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Do Foreigners Invest Less in Poorly Governed Firms?

In: Corporate Governance

  • Christian Leuz
  • Karl V. Lins
  • Francis E. Warnock

As domestic sources of outside finance are limited in many countries around the world, it is important to understand factors that influence whether foreign investors provide capital to a country's firms. This study uses a unique and comprehensive dataset of foreign holdings by U.S. investors from 1997 to examine whether and why concerns about corporate governance results in fewer foreign holdings. Based on a sample of 4409 firms from 29 countries, we find that foreigners invest significantly less in firms with ownership structures that are more conducive to governance problems and, at the same time, reside in countries with poor outsider protection and disclosure. We argue that information asymmetry and monitoring costs faced by foreign investors are likely to drive this result. Supporting this explanation, we show that foreign investment is lower in firms that have opaque earnings and appear to engage in more earnings management.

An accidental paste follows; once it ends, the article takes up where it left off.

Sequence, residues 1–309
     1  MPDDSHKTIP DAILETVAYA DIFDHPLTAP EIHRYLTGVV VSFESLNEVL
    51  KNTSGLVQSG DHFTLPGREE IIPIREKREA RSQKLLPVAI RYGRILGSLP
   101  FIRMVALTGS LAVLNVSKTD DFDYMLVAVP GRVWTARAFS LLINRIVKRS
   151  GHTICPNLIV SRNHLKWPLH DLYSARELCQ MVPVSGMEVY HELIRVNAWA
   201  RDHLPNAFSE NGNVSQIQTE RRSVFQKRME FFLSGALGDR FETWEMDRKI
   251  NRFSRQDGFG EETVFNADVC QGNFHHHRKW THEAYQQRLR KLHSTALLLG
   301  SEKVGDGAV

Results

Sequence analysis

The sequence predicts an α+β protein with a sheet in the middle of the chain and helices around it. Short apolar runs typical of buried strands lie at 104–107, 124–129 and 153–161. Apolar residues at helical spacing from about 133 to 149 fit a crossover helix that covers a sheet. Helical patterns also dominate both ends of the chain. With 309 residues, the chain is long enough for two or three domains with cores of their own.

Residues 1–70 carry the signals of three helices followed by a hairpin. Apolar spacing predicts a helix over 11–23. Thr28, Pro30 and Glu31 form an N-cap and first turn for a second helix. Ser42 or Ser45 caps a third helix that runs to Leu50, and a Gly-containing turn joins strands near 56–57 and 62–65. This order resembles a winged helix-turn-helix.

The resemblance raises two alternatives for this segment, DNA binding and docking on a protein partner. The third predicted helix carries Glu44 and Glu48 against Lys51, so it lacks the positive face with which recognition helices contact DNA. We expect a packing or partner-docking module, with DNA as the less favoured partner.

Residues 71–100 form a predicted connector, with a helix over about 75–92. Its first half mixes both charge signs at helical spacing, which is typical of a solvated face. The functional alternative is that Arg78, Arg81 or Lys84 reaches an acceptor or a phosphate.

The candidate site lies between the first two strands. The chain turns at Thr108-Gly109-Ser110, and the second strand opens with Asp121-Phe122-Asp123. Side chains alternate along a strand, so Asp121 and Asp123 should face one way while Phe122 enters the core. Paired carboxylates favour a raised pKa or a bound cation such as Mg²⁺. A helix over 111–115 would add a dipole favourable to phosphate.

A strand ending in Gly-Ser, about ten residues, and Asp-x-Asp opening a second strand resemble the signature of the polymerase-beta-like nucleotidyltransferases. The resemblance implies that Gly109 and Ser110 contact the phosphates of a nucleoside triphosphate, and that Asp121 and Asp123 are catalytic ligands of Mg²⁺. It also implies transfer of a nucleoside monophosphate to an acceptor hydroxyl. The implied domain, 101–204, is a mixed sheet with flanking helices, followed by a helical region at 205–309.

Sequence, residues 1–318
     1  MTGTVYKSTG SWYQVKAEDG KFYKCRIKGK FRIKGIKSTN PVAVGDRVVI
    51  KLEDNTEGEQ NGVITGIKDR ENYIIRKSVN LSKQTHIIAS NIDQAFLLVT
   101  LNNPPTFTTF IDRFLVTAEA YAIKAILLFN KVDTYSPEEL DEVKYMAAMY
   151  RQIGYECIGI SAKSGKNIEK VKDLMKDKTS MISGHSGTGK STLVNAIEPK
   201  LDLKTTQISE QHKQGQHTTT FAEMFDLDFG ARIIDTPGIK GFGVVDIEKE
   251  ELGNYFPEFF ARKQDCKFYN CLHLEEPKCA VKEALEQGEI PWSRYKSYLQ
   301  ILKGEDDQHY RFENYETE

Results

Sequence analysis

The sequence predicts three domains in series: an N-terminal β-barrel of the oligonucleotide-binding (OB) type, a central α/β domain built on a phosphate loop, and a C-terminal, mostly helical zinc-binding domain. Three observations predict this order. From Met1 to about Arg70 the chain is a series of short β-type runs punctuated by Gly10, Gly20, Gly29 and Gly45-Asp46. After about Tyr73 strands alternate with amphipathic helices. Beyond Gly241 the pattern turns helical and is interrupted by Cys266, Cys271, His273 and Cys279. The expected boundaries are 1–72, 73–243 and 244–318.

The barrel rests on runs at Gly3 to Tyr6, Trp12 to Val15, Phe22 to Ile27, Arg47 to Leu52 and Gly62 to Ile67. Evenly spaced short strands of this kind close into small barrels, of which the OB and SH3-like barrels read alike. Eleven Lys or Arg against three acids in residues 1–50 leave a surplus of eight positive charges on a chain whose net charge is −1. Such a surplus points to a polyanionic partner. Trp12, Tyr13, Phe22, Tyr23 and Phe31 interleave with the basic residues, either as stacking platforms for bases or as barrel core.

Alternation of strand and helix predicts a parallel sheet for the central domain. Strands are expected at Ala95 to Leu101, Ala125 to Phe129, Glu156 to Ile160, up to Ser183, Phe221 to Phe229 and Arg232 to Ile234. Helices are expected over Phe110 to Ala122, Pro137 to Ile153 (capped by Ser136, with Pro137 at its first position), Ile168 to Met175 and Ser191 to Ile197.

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This chapter was published in:
  • Michael Weisbach, 2010. "Corporate Governance," NBER Books, National Bureau of Economic Research, Inc, number weis10-1.
  • This item is provided by National Bureau of Economic Research, Inc in its series NBER Chapters with number 12192.
    Handle: RePEc:nbr:nberch:12192
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